Visit Aberdeenshire recently invited me to spend a weekend touring the region. My aim? To share with you something I’ve know for a long time – Aberdeenshire is awesome. It’s scenic, vibrant, steeped in history, a foodie’s paradise and with miles of hiking trails, fifty-five golf courses and five ski centres it’s a fabulous outdoor playground too.
Our trip would take us north up a 34 mile stretch of Aberdeenshire’s coast (the region has 165 miles of coastline) from St Cyrus to Aberdeen, then west into the heart of Royal Deeside.
St Cyrus to Aberdeen
St Cyrus National Nature Reserve
The first stop on our tour was St Cyrus National Nature Reserve. The reserve is confined by cliffs to the west and a long, dune backed beach to the east. It’s a haven for flora and fauna. Humpback whales have been known to visit – just not while we’re there.
We fell in love with the reserve after spending a sunny November weekend there in 2017. Our home was a converted ice house (a relic from the days when salmon fishing thrived in the area).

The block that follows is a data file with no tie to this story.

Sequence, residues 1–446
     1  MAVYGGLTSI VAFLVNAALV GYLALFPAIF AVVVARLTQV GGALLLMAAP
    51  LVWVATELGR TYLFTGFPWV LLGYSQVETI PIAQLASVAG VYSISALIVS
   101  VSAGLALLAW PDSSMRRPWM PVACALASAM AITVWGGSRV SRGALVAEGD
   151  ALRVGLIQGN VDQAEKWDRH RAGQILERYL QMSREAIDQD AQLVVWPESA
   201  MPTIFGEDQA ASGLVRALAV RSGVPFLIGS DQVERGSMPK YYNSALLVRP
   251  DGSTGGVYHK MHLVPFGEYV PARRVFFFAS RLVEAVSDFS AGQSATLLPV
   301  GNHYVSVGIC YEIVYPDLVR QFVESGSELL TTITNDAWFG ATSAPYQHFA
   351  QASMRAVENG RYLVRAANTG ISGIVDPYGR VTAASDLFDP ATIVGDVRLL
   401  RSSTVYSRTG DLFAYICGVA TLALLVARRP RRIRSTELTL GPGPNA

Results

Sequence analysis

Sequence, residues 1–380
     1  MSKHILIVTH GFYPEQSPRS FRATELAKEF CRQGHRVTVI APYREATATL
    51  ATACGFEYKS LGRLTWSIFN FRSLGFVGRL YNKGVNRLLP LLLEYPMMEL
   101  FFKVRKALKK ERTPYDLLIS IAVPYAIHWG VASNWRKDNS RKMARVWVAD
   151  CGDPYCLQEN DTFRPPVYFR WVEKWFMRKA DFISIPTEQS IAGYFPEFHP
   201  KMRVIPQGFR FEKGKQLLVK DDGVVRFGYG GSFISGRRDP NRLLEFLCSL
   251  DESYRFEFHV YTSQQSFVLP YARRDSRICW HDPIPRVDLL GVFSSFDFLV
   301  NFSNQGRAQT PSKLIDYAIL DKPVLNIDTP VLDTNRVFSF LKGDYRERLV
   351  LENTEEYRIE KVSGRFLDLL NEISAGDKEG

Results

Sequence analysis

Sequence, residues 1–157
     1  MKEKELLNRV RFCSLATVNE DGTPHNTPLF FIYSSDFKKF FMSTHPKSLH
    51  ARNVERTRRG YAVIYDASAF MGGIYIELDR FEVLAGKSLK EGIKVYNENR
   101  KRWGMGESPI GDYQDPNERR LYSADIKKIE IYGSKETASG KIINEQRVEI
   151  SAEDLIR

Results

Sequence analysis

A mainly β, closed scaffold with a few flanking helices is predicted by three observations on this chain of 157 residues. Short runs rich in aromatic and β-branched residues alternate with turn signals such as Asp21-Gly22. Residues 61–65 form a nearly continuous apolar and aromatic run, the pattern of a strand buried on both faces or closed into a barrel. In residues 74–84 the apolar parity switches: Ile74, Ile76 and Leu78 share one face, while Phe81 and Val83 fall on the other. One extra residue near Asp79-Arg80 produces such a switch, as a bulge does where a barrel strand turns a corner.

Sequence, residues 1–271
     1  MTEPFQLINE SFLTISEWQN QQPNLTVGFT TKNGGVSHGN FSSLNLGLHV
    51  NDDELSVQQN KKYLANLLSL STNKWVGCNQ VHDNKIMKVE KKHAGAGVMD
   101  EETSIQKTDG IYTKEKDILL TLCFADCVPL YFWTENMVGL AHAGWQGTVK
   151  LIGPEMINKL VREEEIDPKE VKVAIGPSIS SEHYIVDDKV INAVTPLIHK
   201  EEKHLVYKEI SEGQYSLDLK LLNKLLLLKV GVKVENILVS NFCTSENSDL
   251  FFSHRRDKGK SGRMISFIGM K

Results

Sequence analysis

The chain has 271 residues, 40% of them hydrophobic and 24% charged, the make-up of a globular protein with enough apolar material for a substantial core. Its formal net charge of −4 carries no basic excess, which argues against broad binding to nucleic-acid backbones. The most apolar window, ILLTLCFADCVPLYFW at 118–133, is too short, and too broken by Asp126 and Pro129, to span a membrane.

The sun didn’t shine this time (it rained heavily), but we still enjoyed a walk on the beach.
Despite the rain there were no long faces at St Cyrus.
Well, nearly no long faces.
After leaving the beach we continued north to our next destination – the iconic Dunnottar Castle. On a dry day we’d have combined our visit with a scenic walk along the clifftops from the castle to Stonehaven.
On this rainy afternoon we bought hotdogs from the castle’s food van instead.
Aberdeenshire has been home to 263 castles – many still stand. Dunnottar is one of the region’s most popular strongholds. Even on a dreich day a steady stream of people arrived to visit the castle.
Stonehaven beach and harbour
Stonehaven (birthplace of the deep fried Mars Bar) was our final stop before heading to Aberdeen for the night.
The seaside town is home to one of only a handful of outdoor swimming pools left in Scotland (we’re a hardy lot us Scots). It also boasts a nice harbour and a beach with intricate, metal sculptures.
A number of years ago the sculptures began appearing on Stonehaven Beach. The identity of Aberdeenshire’s answer to Banksy was a mystery, until local sculptor Jim Malcolm came forward this year and admitted he was the artist.
Stonehaven is worth visiting for the sculptures alone. They’re delightful.
It was summertime in Scotland, so rain wasn’t going to put me off eating ice cream by the sea. Mr G thought I was joking when I asked if he’d like a cone from the cafe by the harbour. I never joke when it comes to mint chocolate chip ice cream.
After a wander round the harbour it was time to make tracks to Aberdeen.
There’s more to Aberdeen than Granite